By now you have done your homework from the last article (Direct Mail Marketing – Can It Really Pay Off? Part 1) and know what product to market first. Through your research, you have figured out everything you could about the clientele that buy that particular product so you can now learn what to say to them.
There are a few keys things to learn when designing postcards for marketing. Aesthetics is not the #1 aspect of a card. The absolute #1 aspect is whether or not it “pulls”. Does it elicit response? Does it make the prospect want to call you? You can have all the aesthetics in the world – beautiful colors, beautiful font, pretty pictures and it could pull nothing.
To give you an example: there was this commercial that used to play over and over in Houston, Texas. This was many years ago. It was corny. It was a furniture guy that sold furniture at cut rate prices. His commercials were actually obnoxious. He jumped up and down and said how he could save you money! But they (the commercials) pulled. That “guy” ran those commercials until the cows came home and people flocked to him like he was the pied piper or something. He became larger than life. And even when he expanded and moved into bigger quarters, etc. – he kept the same commercial. Only sometimes to mix it up a bit, he would have others jump up and down and profess he’d save you money.
Case in point – what he did worked. He got an emotional response from the viewers that watched his commercials. “Save You Money!” That was the thing that made people want to check him out. When he said that phrase and jumped up and down with a wad of dollar bills, people would think “How can I afford NOT to check it out when it’s on SALE!”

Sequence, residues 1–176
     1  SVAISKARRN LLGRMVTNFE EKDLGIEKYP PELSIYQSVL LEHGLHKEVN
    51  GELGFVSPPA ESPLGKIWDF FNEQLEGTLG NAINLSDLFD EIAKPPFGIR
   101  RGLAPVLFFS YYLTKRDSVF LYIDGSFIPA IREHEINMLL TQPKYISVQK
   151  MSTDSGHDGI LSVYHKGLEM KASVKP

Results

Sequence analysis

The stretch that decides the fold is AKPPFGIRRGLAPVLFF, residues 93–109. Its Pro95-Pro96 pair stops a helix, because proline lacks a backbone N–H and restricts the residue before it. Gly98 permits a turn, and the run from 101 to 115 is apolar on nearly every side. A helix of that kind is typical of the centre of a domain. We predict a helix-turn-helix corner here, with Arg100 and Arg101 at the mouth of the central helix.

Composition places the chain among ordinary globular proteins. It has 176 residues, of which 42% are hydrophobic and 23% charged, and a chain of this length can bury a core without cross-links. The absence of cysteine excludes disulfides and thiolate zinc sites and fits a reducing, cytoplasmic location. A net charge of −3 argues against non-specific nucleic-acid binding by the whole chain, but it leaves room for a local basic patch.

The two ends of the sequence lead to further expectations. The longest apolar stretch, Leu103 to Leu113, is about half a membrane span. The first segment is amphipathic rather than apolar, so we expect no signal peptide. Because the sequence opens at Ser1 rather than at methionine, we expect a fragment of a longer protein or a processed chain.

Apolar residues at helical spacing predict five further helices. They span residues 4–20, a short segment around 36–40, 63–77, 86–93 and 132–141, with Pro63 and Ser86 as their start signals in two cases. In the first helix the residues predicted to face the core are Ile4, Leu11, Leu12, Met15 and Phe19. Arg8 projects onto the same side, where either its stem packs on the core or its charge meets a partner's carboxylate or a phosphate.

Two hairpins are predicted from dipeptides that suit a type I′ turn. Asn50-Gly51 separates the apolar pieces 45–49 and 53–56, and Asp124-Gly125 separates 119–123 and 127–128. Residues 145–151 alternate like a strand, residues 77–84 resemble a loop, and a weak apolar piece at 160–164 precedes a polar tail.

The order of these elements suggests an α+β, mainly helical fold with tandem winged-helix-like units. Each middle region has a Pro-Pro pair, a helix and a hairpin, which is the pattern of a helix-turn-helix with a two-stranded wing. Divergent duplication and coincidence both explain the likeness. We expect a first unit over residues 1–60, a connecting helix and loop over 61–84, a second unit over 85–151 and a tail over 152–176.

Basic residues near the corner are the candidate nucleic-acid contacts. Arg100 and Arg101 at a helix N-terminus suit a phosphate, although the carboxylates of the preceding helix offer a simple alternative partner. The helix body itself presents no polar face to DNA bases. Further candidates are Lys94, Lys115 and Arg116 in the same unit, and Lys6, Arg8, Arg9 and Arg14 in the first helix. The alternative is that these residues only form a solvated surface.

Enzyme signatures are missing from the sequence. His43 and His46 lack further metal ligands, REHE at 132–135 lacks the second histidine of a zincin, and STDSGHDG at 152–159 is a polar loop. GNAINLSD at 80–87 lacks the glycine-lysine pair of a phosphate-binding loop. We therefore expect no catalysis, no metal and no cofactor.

So, back to your postcard – I’m going to show you how to get your market responding to your promotion. It’s really not that mysterious.
10 Key Elements to Help You Get the Results You Want
1. A clear, bold headline. On front of the postcard or mailer there should be one central message. The best way to achieve that is with a headline that’s not cluttered up with other text. It should be large enough that it’s the first thing that’s noticed.
2. A graphic that supports the message. The graphic should be very easy to understand. It should also add to the message the headline is trying to convey. For instance, if you are trying to get people to understand that they can get money out of their home, you could show a house bricked of dollar bills. That graphic reinforces the message more than a simple picture of a home.
You can use fear or humor to get attention.